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I've just come across this quote from Wikipedia:

Russian historian Alexander Nemirovski claimed a strong similarity to Hurrian, which had recently been partially deciphered at the time of the writing of The Lord of the Rings, E. A. Speiser's Introduction to Hurrian appearing in 1941.

How similar are they, actually? What similarities do they have? Grammatical structure? Vocabulary? Is it even possible to tell, seeing how few examples of the Black Speech we have?

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Well, The Font of All Knowledge (a.k.a. Wikipedia) tells us several things:

  • There is not much similarity as far as phonology, as Hurrian seems to lack consonant voicing distinction (except in certain circumstances). BS clearly has this distinction.
  • There's not enough BS to determine much by way of grammar, but Hurrian seems to be extremely agglutinative; BS doesn't appear to be at all.
  • Hurrian seems to have more vowels.
  • BS has more consonant clusters.

Upon reading this analysis of Black Speech, I think it is clear that Professor Tolkien must have taken some words & grammatical forms into BS from Hurrian. For example:

  • -at < Hurrian -ed- formant of jussive/intended future in verbal form formant of future in verbs
  • -ûk < “All”, “completeness”; Hurrian -ok, formant with a meaning “fully, truthfully, really” in a verbal form.

Hurrian texts were known since discoveries in the 1910s & 1930s. A grammar wasn't published until 1941. Based on the Analysis, I think it very likely that Prof. Tolkien gained inspiration from the Hurrian direction. I'm not sure I'd agree with "strong similarity" based on the extreme paucity of BS evidence. More evidence, a lost grammar, those would be more convincing one way or the other.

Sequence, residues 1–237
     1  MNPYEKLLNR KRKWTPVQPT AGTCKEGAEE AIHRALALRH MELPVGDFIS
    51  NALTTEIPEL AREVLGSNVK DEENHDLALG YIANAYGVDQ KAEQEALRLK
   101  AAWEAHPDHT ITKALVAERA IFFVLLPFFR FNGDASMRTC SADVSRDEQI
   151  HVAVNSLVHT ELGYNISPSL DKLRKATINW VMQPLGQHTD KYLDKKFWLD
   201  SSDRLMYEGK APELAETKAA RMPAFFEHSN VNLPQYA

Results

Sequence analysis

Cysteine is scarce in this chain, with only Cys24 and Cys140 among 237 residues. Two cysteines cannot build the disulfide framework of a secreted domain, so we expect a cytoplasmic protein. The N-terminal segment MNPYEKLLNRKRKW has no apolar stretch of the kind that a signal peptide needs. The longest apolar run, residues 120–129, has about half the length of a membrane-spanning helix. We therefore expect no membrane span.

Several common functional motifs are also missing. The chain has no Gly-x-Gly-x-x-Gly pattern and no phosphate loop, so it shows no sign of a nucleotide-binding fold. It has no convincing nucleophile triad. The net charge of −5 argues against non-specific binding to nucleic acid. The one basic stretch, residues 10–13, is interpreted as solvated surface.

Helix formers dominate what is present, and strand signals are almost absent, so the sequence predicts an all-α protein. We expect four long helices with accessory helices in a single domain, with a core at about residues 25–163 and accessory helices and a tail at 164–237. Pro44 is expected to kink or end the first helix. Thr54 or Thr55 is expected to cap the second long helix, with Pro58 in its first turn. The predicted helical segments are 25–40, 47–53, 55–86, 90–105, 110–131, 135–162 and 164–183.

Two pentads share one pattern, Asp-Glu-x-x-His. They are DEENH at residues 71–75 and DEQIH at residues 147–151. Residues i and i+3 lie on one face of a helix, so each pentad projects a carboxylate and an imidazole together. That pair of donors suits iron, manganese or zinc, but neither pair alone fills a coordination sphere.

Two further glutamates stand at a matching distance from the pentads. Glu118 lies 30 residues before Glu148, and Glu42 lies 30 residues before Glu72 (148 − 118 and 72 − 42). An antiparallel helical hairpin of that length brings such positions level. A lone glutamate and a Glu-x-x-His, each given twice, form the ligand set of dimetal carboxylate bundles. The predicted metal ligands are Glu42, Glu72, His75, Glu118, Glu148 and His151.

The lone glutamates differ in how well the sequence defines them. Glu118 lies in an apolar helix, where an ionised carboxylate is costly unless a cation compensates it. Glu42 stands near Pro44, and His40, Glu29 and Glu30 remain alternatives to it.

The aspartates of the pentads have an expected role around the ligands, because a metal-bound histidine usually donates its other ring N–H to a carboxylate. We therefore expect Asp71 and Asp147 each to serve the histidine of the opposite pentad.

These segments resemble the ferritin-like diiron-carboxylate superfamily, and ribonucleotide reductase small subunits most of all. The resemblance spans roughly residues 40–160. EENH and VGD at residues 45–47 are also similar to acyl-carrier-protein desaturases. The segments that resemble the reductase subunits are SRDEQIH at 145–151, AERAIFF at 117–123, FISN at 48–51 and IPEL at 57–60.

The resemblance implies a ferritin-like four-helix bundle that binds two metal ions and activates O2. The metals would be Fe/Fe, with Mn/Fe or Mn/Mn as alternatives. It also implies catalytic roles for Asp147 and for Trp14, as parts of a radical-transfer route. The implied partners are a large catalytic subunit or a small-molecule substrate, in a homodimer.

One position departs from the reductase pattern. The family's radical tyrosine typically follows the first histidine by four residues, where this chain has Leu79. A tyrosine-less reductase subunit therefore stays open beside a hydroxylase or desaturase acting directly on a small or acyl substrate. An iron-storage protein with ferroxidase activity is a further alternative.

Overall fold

• It's entirely possible that BS could be agglutinative (Rosenfelder actually analyses the "One Ring" inscription as the opener to the Language Construction Kit book). At the very least, the verbal inflections doesn't give any indication whatsoever to state it "doesn't appear to be at all" agglutinative. – Circeus Mar 7 '18 at 15:18
  • Note that I said "extreme paucity of BS evidence". Pace Mr Rosenfelder, we can analyse one or two sentences and come up with nine different interpretations. Until there's more data, I at least can't agree with ányone's pronouncements one way or the other, though the evidence we do have doesn't give me much confidence that the agglutinative camp will win the day! – elemtilas Mar 7 '18 at 22:37
  • According to Wikipedia Tolkien himself said it "appeared" to be agglutinative. Also, you should probably compare the languages based on the 1941 grammar since Tolkien didn't have access to the Font of All Knowledge – b a Mar 8 '18 at 11:58
  • Tolkien's own assessment definitely bears more weight than anyone else's opinion, certainly mine included. While I'd take his words as "weighing heavily towards the agglutinative camp", still, we just don't have enough evidence to say one way or the other. – elemtilas Mar 9 '18 at 3:37
  • The apparent scarcity of consonant clusters in Hurrian could be an artifact of the syllabic script (compare Linear B). – Anton Sherwood Oct 5 '18 at 21:24

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